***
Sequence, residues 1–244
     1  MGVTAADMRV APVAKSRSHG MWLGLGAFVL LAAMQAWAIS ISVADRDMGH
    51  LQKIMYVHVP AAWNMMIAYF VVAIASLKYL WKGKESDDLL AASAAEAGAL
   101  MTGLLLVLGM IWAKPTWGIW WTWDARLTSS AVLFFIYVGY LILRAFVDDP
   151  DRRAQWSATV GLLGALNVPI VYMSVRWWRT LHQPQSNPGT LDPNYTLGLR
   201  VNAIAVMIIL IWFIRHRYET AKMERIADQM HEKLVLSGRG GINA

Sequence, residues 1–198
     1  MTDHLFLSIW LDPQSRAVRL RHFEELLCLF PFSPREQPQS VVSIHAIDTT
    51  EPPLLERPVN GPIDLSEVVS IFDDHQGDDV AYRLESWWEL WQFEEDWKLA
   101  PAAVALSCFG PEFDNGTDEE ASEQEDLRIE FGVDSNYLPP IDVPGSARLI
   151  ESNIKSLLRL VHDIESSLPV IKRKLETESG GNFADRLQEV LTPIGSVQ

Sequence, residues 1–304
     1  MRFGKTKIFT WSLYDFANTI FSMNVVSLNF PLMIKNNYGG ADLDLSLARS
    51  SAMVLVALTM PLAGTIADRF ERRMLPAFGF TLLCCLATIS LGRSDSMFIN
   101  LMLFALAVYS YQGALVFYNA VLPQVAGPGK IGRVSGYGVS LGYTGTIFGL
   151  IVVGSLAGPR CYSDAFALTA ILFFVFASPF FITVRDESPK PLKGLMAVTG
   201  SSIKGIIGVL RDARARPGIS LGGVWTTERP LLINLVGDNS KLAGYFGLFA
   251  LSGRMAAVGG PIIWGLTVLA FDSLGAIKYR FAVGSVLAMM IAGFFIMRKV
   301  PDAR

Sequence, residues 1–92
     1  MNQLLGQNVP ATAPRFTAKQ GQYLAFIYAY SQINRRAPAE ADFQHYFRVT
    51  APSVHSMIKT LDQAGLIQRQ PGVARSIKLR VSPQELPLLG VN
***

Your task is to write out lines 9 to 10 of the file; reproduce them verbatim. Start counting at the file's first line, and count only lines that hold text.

    51  EPPLLERPVN GPIDLSEVVS IFDDHQGDDV AYRLESWWEL WQFEEDWKLA
   101  PAAVALSCFG PEFDNGTDEE ASEQEDLRIE FGVDSNYLPP IDVPGSARLI